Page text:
The first half of the book gives some solid vignettes about internal scripts and behavioral models that explain why our brains sometimes run on autopilot and get us into trouble. But the final half of the book really has nothing to do with the title. It's a meandering, free-association ramble about whatever the heck happened to be in the author's head the minute his fingers were striking the keys. Once I got to Page 254 where he tries to compare the curve of entropy of the universe since the big bang to the curve of a human emotional response in a crisis, I cut my losses and threw it on the "to sell" pile.

After the success of "Deep Survival", it's almost like this book is just a mechanical attempt to get his next paycheck while his name still has cachet.
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42 of 46 people found the following review helpful By BC on October 12, 2008
Format: Hardcover
Like other reviewers, I have a dog eared, underlined, heavily used copy of Deep Survival. So when I saw that Gonzales had a new book out, I couldn't wait to read it. What disappoints me about this book is not that it is not as good as Deep Survival, but that it starts with some interesting ideas and ends up getting side tracked and derailed.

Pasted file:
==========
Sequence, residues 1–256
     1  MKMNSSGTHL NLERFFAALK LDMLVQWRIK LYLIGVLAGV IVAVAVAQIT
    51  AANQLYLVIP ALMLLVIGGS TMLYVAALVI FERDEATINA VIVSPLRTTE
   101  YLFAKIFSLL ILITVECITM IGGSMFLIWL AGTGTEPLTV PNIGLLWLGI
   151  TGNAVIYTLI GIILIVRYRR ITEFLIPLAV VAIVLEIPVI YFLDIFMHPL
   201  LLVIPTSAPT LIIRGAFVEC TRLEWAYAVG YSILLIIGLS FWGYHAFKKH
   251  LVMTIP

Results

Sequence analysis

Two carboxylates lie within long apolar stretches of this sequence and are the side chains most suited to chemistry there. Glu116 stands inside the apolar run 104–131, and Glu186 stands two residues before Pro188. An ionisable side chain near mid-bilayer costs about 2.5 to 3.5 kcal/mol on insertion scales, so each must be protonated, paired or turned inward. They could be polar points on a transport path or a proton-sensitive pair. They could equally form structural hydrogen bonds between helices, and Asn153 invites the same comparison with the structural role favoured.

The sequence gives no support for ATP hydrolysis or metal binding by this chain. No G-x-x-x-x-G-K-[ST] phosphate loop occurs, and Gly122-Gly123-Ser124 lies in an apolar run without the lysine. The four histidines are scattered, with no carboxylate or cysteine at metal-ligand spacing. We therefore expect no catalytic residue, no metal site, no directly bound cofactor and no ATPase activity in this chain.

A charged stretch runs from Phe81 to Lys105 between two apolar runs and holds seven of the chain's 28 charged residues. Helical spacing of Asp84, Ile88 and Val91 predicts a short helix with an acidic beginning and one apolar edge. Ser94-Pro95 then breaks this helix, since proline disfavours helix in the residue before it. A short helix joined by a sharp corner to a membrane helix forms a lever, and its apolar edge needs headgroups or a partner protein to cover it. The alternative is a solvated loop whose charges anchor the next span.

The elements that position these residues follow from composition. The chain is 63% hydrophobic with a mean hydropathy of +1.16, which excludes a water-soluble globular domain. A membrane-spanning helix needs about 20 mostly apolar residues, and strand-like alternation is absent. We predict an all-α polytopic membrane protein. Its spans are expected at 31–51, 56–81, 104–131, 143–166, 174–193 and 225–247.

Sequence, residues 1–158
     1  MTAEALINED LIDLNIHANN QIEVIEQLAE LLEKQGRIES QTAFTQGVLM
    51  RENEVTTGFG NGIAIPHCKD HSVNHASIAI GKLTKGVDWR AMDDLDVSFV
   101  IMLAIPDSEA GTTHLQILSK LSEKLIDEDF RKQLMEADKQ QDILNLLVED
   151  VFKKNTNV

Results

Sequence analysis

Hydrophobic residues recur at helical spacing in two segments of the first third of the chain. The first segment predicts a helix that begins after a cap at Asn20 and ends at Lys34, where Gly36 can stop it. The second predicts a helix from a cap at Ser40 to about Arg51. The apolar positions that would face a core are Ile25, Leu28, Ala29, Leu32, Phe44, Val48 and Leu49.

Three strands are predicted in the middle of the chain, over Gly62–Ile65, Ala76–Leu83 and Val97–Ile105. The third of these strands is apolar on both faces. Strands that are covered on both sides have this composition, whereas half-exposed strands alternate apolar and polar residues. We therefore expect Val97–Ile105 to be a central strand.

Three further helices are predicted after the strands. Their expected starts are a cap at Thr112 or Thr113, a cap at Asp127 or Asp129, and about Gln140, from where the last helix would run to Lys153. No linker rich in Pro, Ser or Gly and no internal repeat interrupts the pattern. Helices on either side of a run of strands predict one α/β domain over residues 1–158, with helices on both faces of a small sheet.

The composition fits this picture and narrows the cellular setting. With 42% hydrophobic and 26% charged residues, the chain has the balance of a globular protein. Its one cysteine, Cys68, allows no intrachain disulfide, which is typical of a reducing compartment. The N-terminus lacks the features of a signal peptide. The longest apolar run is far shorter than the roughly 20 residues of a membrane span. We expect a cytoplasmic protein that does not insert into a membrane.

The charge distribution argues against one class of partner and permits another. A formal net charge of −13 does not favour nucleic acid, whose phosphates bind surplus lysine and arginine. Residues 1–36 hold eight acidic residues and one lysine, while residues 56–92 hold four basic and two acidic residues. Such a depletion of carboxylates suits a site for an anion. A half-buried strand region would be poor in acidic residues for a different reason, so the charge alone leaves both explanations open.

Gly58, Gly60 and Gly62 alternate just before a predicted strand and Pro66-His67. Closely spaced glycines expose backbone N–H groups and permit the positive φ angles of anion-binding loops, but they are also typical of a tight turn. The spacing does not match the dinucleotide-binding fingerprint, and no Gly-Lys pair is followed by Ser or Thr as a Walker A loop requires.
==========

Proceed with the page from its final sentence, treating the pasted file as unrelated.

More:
The first six chapters are excellent. His link between how we make decisions and our impact on the environment are elegant and provocative. He talks about how we walk about in a "vacation state of mind," oblivious to the effects of our actions. I feel like I see this every day in the way people interact with each other. He then applies this "insulation from reality" to a macro view of the earth's systems and how humanity interacts with them.